On the Adamant
Hollywood Movies Review

On the Adamant 2023 Movie Review

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On the Adamant 2023 Movie Review

The adamant, for those who don’t know, is a mythological material and, therefore, fictional. In comics, its variation “adamantium” is used as a name for an apparently indestructible mineral, often present among Marvel heroes. Therefore, according to this use and use, it can be understood that, as an adjective, adamantine would be the condition of that – or that – marked by firmness, something or someone incapable of being corrupted, of recognized integrity. This is also the name given to a medical and therapeutic center located in the central region of Paris, like a fixed vessel, constantly rocked by the River Seine. sur l’adamant, therefore, it is a documentary that deals exactly with what its title anticipates: what happens inside Adamant, who are the people who frequent it and what makes it different from the many similar ones that exist all over the world . The proposal, as curious as it may be, still has an institutional media air, which both informs and disseminates something that is never confronted, exploring only what the filmmakers – and those responsible for the initiative – believe they have the best to offer. . A unique and therefore limiting bias.

Leaving aside any visual experimentation, assuming itself almost as a reportage, Sur l’Adamant places itself as a record of what this space is made of, who are the people who occupy it, what they have in common and what is the effect of this space. environment in their realities. As quickly identified, there is a social function in this proposal. It is almost as if those responsible for the project had, in addition to the filmic result, the greater concern of not only justifying their efforts, but also validating their own functions. At all times they make evident a cry of “ we exist and we are necessary”. As an initiative, sure. But what about the result as a cinematographic piece, since this was the format chosen for its elaboration? There is no aesthetic or even formal care, the narrative is linear and quite obvious, the reports accumulate in the middle of a reiterative and continuous logic, of “more and better”, as if the next thing came only to prove how right the previous. So more of the same. Perhaps it would work as an advertising or commissioned audiovisual piece, but not as an authorial piece, an identity that seeks, but does not reach.

The biggest issue is that Adamant is a psychiatric hospital that bets on alternative models of treatment. Instead of rudimentary or outdated techniques, which cinema often explored in period works that were more like horror stories, what we see here are modern and collective environments, which are more like studios or creative spaces. There are regular meetings where the week’s activities are discussed, constant exchanges between interns and staff, film clubs and debates, moments for drawing and literature. If “an empty mind is the devil’s workshop”, as the saying goes, what those in charge here preach is exactly the opposite: occupying oneself in a recreational way, with each other and each one with oneself, for this mutual and constant exchange a well-being, individual as well as democratic, is achieved. The cure,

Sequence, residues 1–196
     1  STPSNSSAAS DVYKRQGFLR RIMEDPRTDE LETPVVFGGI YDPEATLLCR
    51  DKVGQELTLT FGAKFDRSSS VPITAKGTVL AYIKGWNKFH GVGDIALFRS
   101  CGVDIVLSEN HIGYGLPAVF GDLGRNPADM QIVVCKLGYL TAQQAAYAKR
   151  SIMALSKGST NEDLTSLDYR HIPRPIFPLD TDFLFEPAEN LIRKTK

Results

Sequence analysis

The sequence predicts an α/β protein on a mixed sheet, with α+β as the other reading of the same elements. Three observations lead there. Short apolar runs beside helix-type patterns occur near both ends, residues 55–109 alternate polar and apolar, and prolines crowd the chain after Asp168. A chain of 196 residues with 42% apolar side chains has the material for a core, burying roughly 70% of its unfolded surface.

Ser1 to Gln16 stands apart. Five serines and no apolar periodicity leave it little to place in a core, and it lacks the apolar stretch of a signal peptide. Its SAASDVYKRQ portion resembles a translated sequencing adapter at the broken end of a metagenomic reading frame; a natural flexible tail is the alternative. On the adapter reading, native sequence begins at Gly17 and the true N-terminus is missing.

However, there is not much that each of those involved can offer beyond what is already expected in the face of a scenario such as the one proposed here. From the man who thinks his life was “stolen” by Wim Wendersto the young man who carries a magnet on his chest to protect himself from bad vibes, to the resolute lady in her attempt to contribute more than what she has been allowed to do, to the young man who demonstrates in a contagious joy that what for many may seem like too simple, like the act of serving coffee, for him it is perceived as a great personal achievement, a series of charismatic and engaging figures parade on stage, but never properly deepened. Each one will have their moment of dialogue with the camera, but once this step is overcome, it’s time to see the next one, and so on. Instead of choosing one as a leading character, an option that could, in short, redefine his posture, thus allowing an intense dive into the whole, what one has is just this circular transit, which for a long time travels, but without straying too far from the point of origin. There is no depth, while in its place space is occupied only with quantity, as if the number of stories were to increase the impact that they pursue so much.

Nicholas Philibert, also responsible for photography and editing, in addition to directing, was even nominated for a Bafta and won a César and the European Film Award for the feature Ser e Ter (2002), a reference title within the documentary genre in French cinema. Since then, however, more than two decades have passed, and Sur l’Adamantarrives to show how a certain accommodation can be harmful to the filmmaker who should keep searching for reinvention. Of limited scope, it is still moving with testimonies laden with sincerity and realism, but also, on the other hand, it is these same types that increase resentment in relation to everything that the film could have been, without, however, having demonstrated the effort or commitment to show oneself as such. Even worse are the many questions that could have been asked, in relation to its origin or even maintenance, and the impact that a structure like this ends up generating in the community, beyond those directly affected, which are systematically ignored, as if irrelevant in the whole. It is a film, in short, that stops halfway, pointing to several sides, without, in the end,

On the Adamant 2023 Movie Review

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